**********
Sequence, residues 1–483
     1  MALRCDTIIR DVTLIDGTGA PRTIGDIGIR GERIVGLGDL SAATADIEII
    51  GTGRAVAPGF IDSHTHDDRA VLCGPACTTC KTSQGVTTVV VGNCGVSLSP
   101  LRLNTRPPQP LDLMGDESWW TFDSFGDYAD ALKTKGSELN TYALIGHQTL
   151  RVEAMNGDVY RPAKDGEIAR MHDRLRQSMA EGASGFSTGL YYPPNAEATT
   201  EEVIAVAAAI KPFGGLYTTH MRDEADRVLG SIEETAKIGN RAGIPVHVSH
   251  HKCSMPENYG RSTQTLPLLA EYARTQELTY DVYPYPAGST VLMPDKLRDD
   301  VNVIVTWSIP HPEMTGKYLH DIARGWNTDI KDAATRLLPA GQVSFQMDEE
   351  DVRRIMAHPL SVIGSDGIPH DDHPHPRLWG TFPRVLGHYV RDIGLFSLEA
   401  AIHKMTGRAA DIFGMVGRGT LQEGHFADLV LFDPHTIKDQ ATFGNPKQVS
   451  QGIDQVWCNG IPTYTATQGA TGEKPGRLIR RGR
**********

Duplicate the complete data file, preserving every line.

Sequence, residues 1–483
     1  MALRCDTIIR DVTLIDGTGA PRTIGDIGIR GERIVGLGDL SAATADIEII
    51  GTGRAVAPGF IDSHTHDDRA VLCGPACTTC KTSQGVTTVV VGNCGVSLSP
   101  LRLNTRPPQP LDLMGDESWW TFDSFGDYAD ALKTKGSELN TYALIGHQTL
   151  RVEAMNGDVY RPAKDGEIAR MHDRLRQSMA EGASGFSTGL YYPPNAEATT
   201  EEVIAVAAAI KPFGGLYTTH MRDEADRVLG SIEETAKIGN RAGIPVHVSH
   251  HKCSMPENYG RSTQTLPLLA EYARTQELTY DVYPYPAGST VLMPDKLRDD
   301  VNVIVTWSIP HPEMTGKYLH DIARGWNTDI KDAATRLLPA GQVSFQMDEE
   351  DVRRIMAHPL SVIGSDGIPH DDHPHPRLWG TFPRVLGHYV RDIGLFSLEA
   401  AIHKMTGRAA DIFGMVGRGT LQEGHFADLV LFDPHTIKDQ ATFGNPKQVS
   451  QGIDQVWCNG IPTYTATQGA TGEKPGRLIR RGR